Philip Seymour Hoffman’s death February 2, apparently from a heroin overdose, catapulted the problem of heroin addiction and overdoses into headlines worldwide. The 46-year-old actor had been in recovery for more than two decades but had slipped back into prescription opioids and then heroin last year, after which he reportedly went to 10 days of “rehab.”

There are 100 overdose deaths a day in the United States. Medication-assisted treatment (MAT) with methadone or buprenorphine could prevent many or all of them. Yet there was very little in news coverage or social media on MAT. In interviews this week, ADAW was told repeatedly that it is stigma — not only the stigma of addiction, but the stigma of methadone in particular — that is contributing to these overdoses.

“Medication-assisted treatment is something we promote here as part of the solution, as a prevention strategy,” said Robert Lubran, director of the Division of Pharmacologic Therapies in the Center for Substance Abuse Treatment of the Substance Abuse and Mental Health Services Administration (SAMHSA), and the lead federal regulator of methadone and buprenorphine treatment for addiction. “Why don’t more people talk about MAT? I think it’s still connected to shame and discrimination.”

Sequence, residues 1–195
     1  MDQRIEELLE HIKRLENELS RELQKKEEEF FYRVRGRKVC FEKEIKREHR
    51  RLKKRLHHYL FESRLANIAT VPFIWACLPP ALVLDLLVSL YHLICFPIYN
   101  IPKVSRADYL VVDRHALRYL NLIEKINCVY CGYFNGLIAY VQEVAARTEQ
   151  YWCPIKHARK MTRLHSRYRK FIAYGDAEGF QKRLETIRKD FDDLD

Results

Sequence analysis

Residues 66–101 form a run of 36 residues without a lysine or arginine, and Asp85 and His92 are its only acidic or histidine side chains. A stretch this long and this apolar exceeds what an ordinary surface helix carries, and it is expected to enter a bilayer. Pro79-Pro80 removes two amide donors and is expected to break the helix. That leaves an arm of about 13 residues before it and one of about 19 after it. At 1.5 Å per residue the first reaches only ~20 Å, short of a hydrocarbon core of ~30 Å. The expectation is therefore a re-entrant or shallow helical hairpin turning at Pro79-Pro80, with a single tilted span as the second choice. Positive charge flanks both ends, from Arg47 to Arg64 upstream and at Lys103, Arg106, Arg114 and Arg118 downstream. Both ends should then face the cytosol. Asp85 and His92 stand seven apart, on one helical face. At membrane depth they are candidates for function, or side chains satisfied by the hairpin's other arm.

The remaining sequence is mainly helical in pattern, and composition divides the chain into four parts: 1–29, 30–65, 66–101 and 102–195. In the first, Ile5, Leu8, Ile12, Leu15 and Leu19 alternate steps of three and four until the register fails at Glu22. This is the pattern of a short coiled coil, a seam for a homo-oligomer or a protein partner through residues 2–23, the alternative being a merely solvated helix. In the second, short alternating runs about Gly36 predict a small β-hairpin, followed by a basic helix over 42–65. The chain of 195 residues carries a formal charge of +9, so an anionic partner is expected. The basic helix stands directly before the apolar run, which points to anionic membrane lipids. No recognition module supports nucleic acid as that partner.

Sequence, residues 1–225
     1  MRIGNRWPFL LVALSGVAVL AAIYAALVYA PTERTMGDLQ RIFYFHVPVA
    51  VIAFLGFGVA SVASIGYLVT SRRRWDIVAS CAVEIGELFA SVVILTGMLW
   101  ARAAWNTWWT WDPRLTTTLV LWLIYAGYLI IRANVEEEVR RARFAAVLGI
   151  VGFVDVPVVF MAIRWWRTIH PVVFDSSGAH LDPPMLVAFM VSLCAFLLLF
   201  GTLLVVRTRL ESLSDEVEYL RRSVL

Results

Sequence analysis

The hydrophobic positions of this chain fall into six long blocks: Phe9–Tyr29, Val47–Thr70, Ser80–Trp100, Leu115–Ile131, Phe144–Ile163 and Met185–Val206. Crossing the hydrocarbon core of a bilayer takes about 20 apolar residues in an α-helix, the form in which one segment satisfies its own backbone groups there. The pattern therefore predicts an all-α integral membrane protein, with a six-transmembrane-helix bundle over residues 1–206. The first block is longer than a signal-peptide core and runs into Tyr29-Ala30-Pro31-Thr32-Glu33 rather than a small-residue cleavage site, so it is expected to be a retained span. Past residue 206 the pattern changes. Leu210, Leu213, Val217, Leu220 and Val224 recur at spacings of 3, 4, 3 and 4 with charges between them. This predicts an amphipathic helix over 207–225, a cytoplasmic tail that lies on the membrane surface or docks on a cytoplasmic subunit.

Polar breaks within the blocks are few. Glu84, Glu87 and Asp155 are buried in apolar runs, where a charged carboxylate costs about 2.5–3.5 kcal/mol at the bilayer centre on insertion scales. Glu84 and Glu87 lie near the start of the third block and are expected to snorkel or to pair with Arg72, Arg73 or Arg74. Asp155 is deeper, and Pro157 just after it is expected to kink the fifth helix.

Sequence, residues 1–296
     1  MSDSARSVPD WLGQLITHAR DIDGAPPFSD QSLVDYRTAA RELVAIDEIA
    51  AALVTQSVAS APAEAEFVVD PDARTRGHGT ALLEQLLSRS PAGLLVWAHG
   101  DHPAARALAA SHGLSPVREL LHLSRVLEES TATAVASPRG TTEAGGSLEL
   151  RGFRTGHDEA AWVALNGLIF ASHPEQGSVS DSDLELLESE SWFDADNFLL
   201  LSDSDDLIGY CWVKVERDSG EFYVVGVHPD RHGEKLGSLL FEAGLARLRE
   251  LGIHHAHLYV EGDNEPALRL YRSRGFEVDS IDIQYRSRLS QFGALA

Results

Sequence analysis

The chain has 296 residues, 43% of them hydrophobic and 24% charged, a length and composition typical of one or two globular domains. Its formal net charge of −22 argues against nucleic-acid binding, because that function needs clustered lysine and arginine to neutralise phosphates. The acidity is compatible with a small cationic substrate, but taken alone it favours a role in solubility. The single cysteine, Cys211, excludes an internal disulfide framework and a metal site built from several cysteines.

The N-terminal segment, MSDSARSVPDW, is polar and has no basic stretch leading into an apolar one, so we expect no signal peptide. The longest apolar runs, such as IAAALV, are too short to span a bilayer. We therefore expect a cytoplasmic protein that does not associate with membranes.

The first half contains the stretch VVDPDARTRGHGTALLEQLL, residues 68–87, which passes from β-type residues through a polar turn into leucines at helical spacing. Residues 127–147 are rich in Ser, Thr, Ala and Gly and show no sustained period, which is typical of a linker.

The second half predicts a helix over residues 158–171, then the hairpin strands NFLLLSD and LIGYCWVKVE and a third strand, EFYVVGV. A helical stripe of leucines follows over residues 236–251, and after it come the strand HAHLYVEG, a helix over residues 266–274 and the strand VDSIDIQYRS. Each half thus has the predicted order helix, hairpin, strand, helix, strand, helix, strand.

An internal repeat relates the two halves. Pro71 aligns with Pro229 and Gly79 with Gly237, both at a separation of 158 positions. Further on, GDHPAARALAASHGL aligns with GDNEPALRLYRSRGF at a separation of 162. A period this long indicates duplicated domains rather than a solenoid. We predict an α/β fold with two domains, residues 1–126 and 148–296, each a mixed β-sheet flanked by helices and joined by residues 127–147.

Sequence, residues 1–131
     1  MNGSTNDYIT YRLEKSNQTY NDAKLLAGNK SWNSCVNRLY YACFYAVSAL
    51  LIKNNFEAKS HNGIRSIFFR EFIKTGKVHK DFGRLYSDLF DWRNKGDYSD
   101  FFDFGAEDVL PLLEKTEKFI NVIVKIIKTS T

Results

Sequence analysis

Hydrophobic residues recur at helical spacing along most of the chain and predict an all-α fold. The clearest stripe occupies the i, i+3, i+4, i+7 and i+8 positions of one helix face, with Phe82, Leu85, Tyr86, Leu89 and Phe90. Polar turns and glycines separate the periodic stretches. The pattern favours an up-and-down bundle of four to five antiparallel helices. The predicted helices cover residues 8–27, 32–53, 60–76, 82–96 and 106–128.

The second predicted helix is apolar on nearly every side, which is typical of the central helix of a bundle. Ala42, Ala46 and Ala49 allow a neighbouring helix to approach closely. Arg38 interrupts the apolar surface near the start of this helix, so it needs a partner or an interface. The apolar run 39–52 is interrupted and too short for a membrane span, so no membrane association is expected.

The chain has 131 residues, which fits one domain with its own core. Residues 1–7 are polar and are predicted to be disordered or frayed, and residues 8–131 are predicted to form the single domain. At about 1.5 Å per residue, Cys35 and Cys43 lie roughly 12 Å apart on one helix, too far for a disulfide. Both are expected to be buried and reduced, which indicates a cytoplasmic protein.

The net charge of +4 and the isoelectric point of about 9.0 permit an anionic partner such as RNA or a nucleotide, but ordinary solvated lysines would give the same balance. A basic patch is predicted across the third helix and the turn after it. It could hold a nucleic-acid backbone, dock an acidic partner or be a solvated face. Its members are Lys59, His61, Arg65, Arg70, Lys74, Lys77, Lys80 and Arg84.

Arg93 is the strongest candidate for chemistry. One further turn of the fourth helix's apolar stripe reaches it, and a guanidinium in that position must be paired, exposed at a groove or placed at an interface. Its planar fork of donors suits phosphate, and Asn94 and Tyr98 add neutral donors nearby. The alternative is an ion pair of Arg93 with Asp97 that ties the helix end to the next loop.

People who take methadone don’t want other people to know, said Lubran, noting that some patients don’t even tell their spouses. “Can you imagine not telling a loved one you’re taking a medication for diabetes?” Lubran asked. “People just don’t feel comfortable sharing their lived experience with addictions.”

Treatment provider opposition

While medications could destigmatize addiction by making it more “medical,” there is still controversy about these medications. Significantly, much of the opposition comes from within the treatment field itself, with many programs refusing to provide services to patients who are on MAT, and refusing to provide MAT itself.

“For people with opioid dependence, MAT should be the standard of care,” said Michael Botticelli, deputy director of the White House Office of National Drug Control Policy, the single most powerful proponent of MAT in the federal government. “Unfortunately, that’s not the case, and there are far too many people who don’t have access to MAT.”

Botticelli, who as head of substance abuse services in Massachusetts spearheaded an aggressive MAT program there, blames treatment providers themselves. “We have too few treatment programs who have incorporated MAT into their treatment regimen,” he said. “We know MAT has the best retention and treatment rates for people with opioid dependence, and that people who fall out of treatment are at extremely high risk.” Eighty percent of people who leave methadone treatment relapse.

“Part of that stigma associated with MAT comes from within the SUD field,” said Botticelli. “It’s time that we make sure that we are not perpetuating that stigma for families and people affected by opioid addiction issues.”